I would recommend either of those books far ahead of "Winsome," but Donovan's novel is not many more words/pages than a lengthy short story and not many hours need be invested in completing it.

Saturday, June 9, 2018

"Art is greater than we are ...."

Find a poem you like .... recite it ....

I wrote in a previous post (or two or three) that I am a devotee of Ambrose "Bitter" Bierce, which creates within me a degree of sarcasm greater than usually found in most individuals. In the last instance, I used it to say my confidence in the teaching of history in American schools is something even less than dismal. The same is true regarding the teaching of literature and the role of newspapers as they exist today. My opinion wavered a bit when I recently read a column written by Joshua Curnett, a high school English teacher currently living in and working in Singapore. Having a background which includes both journalism and teaching, it fascinated me to the point I decided to run an abbreviated portion of it as a post .... here it is:
The task is the El Capitan of freshman English. Find a poem you like. Study it. Memorize it. Recite it to your classmates. You have two weeks to scale the poem’s wall.
I’ve given this assignment for 20 years. It always elicits the same reaction when the students grasp the weight of what’s being asked. The questions begin.
Student: “Do I have to do this, Mr. Curnett?”
AdChoicesMe: “Yes, everyone has to do it.”
Student: “Is it for a grade?”
Me: “Yes, a huge grade that will count heavily.” (I’m kind of lying here, but the students equate grades with importance.)
Student: “Can I get my friend to read mine for me, Mr. Curnett?”
Me: “No.”
Student: “Can I do it from my desk, or do I have to stand in front?”
Me: “Stand in front like everyone else.” (The student rolls her eyes and looks for salvation outside the window. There is only a bird.)
Student: “Can I have notes?” (Forty-four eyes stare into my soul.)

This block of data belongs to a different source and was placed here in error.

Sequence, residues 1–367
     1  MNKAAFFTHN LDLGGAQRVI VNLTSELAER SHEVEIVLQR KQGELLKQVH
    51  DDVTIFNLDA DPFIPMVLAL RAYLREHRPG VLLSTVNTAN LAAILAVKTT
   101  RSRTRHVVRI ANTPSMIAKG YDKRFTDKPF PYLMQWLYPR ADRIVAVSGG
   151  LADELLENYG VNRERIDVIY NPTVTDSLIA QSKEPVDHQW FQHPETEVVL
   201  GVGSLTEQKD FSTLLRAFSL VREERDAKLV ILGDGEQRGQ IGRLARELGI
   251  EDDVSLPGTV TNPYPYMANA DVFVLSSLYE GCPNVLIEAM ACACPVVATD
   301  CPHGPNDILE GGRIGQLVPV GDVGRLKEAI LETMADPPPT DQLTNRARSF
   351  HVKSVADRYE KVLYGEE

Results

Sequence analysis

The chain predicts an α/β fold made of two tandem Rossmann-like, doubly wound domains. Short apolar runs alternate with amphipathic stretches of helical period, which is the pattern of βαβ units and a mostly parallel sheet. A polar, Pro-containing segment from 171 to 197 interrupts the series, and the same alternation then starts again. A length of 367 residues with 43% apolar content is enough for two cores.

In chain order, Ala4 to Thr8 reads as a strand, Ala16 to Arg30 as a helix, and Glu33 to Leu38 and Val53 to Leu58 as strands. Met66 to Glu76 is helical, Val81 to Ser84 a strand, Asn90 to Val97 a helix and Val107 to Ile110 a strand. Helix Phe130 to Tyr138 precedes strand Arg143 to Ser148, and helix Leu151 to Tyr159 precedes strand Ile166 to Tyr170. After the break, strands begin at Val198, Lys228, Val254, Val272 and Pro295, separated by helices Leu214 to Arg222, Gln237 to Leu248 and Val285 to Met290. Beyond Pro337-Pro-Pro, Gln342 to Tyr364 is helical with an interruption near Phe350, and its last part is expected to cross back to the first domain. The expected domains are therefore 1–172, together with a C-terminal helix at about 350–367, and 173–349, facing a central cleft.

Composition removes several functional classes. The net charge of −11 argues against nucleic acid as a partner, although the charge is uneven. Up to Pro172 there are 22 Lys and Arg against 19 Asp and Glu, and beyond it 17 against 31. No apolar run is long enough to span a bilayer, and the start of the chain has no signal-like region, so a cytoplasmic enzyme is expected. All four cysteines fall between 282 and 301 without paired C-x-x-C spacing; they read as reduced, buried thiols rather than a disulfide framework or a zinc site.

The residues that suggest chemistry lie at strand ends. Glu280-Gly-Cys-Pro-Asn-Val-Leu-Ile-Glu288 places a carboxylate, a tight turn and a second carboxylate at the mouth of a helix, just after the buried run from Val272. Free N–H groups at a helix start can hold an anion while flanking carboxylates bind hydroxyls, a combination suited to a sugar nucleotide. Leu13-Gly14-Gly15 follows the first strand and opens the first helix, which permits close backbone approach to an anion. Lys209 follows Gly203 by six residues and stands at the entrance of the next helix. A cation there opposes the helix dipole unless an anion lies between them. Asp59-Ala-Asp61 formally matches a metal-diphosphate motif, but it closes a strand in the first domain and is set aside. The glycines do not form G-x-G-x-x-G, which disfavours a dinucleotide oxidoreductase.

Me: “No.” (A collective gasp. I’m fairly certain that one kid mouths an expletive but I can’t be sure.)
Student: “What happens if I forget my lines?”
Me: “I’ll help you.” (Several “yeah, right” looks. I have clearly forsaken them already.)
Student: “Can I choose a poem my friend wrote? It’s really good. It’s about love.”
Me: “No.” (“God, no,” I think.)
Student: “I can’t do this, Mr. Curnett.”
Me: “Yes, you can do it.”
(Portion omitted due to length ....)
So we begin the search for the right poem. We comb through poetry websites as if we are sweeping metal detectors along a beach, listening for beeps that might reveal treasure. Eventually, each student finds a title. I have no idea how it happens. It just does.
Recital day finally arrives. It is one of the reasons I teach — to see this annual migration of ninth-graders across the desert of pop culture to the oasis that is literature.
The student with dyslexia shines with “The Tyger,” William Blake’s rhythm reaching through 225 years to find a fearful symmetry in her voice. Students thrum their hands to the cadence. There’s applause when she finishes.
The student who is more intelligent than I will ever be recites Langston Hughes with a clarity and depth that few human beings could muster. When he finishes, the class bursts into applause again.
The quiet boy who had always seemed so aloof delivers 40 lines of Homer without a hitch. 40 lines! The students look at each other, dumbfounded, then trade expressions of approval. More applause.
On and on it goes, all day long. More than 60 poems, each performance style unique. I am proud of all the students for their efforts and abilities, even the ones who botched it.
Art is greater than we are: It’s the realization of this idea that makes the assignment so compelling. Something as weightless as a poem can have the power to make us laugh or weep or guffaw or go silent with feeling — or cause a ninth-grade classroom to erupt with applause on a Tuesday morning in April, as centuries-old words reverberate off the walls.
If you wish to read the piece in its entirety, it was published in a number of newspapers and is reasonably easy to find with an online search of the name Joshua Curnett.

Wednesday, June 6, 2018

Three songs for the price of none

Imagine the rolling thunderhead is symbolic of the armed forces of twelve allied nations as they approached the coast of Normandy in France on this day in 1944. That was seventy-four years ago and that is a long time by human standards for life and living. Even still living participants who were only twenty years old at the time would be ninety-four now. It will not be many more years until all those with personal experience of the event -- those actually having been there -- will be gone and history will be left to the academians who mostly live by competition with other historians, all of which mostly live within their own self-absorbing fantasies. By the way, for budding historians who are behind in their studies, the invasion of Normandy was during World War II. If that sentence seemed sarcastic, it is because I am a devotee of Ambrose "Bitter" Bierce and have sort of lost my confidence in the teaching of history in American schools.

Something special ....